[Editor’s Note: This is Part I of our I-CONnect symposium on the Italian Constitutional Court’s recent judgment on assisted suicide. The Introduction is available here.]
—Benedetta Vimercati, Research Fellow in Constitutional Law, University of Milan
As soon as the press release announcing the Italian Constitutional Court’s decision on assisted suicide had been made available, certain spur of the moment comments arose depicting the Court as a modern Pontius Pilate. The latter washed his hands of the matter, leaving the verdict to the crowd. The Italian Constitutional Court essentially set itself up to be in the same position, choosing to not decide placing the decision in the hands of the Parliament’s Chambers.
But, is this unquestionably true?
Undoubtedly, most scholars never would have expected this solution, which is unusual both substantively and procedurally. This outcome is probably the result of a disagreement within the constitutional judges. But we can only suppose this disagreement due to the fact that the Italian constitutional system asks for the unity of the judicial decision, the collegiality and unity of the panel (not providing, for example, for dissenting opinions).
Unraveling the knot of this highly sensitive issue, the Court delivered a verdict which provides food for thought and in particular two points regarding the content of the decision need to be looked at closely.
Firstly, the Italian constitutional judges essentially ruled the blanket ban on assisted suicide under the Italian Criminal Code as unconstitutional, particularly in the case of patients for whom the assistance of third parties in ending their life can represent the only way out with respect to their personal concept of dignity, to artificial maintenance of a life no longer deemed worth living and that the patient has the right to refuse. In this perspective, the legal reasoning of the Court is underpinned by some constitutional provisions (art. 2, 3, 13, 32 Const.), two of which (art. 3, equality principle and art. 32, right to health and to be protected against forced medical treatments) were not explicitly mentioned as constitutional parameters in the request submitted by the judges of Milan to the Constitutional Court. Despite this lack and according to the fact that they were mentioned in the order even if not within the ruling, the constitutional judges used these provisions to their advantage stating that the absolute prohibition of assisted suicide, therefore, limits the freedom of self-determination in patients, in breach of the principle of human dignity as well as the principles of reasonableness and equality.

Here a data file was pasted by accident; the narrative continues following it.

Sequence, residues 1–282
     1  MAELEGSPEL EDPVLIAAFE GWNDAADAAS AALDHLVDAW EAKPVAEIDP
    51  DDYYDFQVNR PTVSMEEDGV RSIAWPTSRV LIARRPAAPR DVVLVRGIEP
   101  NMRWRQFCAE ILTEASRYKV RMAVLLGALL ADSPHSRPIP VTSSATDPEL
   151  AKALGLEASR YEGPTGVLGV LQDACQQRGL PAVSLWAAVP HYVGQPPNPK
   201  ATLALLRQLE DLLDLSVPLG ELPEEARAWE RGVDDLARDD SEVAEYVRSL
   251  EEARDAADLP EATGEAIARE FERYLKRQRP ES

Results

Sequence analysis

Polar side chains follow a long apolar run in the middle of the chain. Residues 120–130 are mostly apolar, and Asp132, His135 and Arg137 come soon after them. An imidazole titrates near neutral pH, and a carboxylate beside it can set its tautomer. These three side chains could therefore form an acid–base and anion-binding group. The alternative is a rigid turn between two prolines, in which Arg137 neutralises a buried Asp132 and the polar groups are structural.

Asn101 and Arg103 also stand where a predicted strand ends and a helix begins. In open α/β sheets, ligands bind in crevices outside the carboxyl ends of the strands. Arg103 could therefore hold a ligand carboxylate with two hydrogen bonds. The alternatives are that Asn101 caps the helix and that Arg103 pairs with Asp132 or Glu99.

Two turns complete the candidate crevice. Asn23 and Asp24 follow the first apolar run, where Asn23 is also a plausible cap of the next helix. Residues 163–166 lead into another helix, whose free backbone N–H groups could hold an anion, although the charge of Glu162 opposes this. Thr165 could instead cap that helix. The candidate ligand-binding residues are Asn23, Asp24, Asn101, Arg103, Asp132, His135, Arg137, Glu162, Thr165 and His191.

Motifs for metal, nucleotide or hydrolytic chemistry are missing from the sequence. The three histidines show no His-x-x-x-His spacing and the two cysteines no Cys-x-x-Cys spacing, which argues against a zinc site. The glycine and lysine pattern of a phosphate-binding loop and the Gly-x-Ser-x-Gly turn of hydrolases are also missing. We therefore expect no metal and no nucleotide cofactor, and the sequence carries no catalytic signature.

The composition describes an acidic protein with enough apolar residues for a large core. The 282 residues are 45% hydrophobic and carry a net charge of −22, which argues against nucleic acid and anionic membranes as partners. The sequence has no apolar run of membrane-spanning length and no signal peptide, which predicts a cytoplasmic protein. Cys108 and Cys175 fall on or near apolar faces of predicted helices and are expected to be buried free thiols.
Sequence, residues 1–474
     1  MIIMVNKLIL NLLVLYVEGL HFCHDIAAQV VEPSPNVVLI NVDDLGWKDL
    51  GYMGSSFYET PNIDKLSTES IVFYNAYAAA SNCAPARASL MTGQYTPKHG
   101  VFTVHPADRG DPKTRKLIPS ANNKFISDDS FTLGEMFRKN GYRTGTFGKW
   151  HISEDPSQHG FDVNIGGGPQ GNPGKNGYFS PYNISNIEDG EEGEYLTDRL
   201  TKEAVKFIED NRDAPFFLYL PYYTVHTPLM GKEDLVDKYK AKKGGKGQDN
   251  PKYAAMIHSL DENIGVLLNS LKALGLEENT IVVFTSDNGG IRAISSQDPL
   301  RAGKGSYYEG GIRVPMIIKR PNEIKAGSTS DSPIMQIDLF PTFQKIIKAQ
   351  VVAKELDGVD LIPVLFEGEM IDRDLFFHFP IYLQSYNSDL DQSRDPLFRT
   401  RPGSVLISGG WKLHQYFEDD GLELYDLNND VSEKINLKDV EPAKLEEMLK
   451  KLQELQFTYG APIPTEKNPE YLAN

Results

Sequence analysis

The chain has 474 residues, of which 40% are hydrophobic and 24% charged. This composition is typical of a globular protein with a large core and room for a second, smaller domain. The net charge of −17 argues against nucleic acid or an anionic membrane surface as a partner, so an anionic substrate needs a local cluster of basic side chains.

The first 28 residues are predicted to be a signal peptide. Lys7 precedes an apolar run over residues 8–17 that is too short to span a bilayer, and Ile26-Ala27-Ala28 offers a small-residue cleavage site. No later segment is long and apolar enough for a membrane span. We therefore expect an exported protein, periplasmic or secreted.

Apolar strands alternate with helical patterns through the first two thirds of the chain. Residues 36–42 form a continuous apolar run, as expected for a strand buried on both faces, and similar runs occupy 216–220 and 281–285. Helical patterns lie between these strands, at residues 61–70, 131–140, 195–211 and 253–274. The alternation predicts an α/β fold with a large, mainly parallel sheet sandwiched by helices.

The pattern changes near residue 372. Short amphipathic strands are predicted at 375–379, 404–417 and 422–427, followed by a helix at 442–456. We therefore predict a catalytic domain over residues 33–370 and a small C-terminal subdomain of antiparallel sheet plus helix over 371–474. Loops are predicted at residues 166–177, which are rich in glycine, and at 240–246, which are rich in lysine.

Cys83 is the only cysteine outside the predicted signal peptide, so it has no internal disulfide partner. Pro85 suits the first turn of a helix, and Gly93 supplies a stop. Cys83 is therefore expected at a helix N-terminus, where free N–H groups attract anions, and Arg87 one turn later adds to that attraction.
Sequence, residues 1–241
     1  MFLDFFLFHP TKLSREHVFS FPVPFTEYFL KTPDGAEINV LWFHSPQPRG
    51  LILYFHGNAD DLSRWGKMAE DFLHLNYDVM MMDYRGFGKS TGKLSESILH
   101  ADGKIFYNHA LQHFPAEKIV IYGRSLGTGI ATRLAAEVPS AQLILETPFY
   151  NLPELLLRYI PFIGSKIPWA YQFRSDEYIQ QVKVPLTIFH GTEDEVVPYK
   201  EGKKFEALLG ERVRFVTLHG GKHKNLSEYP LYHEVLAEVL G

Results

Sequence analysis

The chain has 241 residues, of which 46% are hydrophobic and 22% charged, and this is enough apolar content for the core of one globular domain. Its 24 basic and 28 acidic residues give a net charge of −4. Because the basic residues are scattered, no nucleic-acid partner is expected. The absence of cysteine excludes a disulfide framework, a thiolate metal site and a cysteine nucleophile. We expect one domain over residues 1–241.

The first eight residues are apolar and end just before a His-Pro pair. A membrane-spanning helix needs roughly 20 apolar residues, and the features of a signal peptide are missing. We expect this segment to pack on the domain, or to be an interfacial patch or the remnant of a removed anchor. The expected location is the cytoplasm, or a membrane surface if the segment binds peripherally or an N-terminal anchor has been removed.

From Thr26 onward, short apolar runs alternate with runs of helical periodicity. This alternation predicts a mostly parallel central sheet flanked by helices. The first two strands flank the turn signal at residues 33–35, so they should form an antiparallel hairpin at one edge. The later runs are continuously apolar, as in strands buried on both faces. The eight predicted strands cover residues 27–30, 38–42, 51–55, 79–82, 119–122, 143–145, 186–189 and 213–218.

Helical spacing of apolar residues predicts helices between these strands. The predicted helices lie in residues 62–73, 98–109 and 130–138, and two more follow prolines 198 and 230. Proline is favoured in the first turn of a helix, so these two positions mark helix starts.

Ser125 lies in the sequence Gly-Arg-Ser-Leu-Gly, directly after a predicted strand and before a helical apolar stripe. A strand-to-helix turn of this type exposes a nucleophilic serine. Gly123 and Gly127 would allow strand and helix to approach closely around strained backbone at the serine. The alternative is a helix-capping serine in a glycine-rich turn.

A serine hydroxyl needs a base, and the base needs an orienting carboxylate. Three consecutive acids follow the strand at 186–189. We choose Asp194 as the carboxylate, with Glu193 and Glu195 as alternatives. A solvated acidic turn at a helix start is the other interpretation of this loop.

The Court embraced a subjective-individualistic approach, inferring from the self-determination principle (as a general right to liberty) a fundamental and constitutional right to die under certain conditions. But can this interpretation be considered an unavoidable outcome imposed by the Constitution? Or is it rather a choice in the discretion of the Parliament (art. 25 Const., principle of legality in criminal law)?
The Constitutional Court did not heed such considerations on the relationship between the Constitutional Court and the Legislator. With respect to this relationship, the Constitutional Court seems to be cautiously taking a step back in this case. Thanks to a comparative approach by referring to the judgments delivered by the UK Supreme Court and the Canadian Supreme Court respectively in Carter v Canada and Nicklinson v Ministry of Justice, the Court displayed its intent to establish mechanisms for collaboration and dialogue between the Constitutional Court and the Parliament. So, according to the Court, it becomes the responsibility of the Parliament determine the balance between many relevant and fundamental rights/interests.
Yet, the subject matter is too sensitive and important to allow for an extended legal vacuum in the interim, since the Parliament may remain unresponsive for a period of up to several years. This is a Parliament which, it is important to remember, has just recently considered the issue. After many years, in 2017 the Italian Chambers passed a bill on informed consent and living will that did not recognize any form of assisted suicide as legitimate.
So, the Court exhorted the Parliament to pass a new bill that will introduce within the Italian legal system some forms of assisted suicide and euthanasia. Along with this request, the Italian Constitutional Court included a few recommendations. Among them, some appear to be more rigorous, when the Court lists the conditions which give legitimacy to assisted suicide: “a) the person must be affected by an irreversible pathology; b) the pathology must be source of physical or psychological suffering, which is absolutely intolerable; c) he/she is kept alive through life-sustaining treatments; d) the patient must be able to make free and conscious decisions”.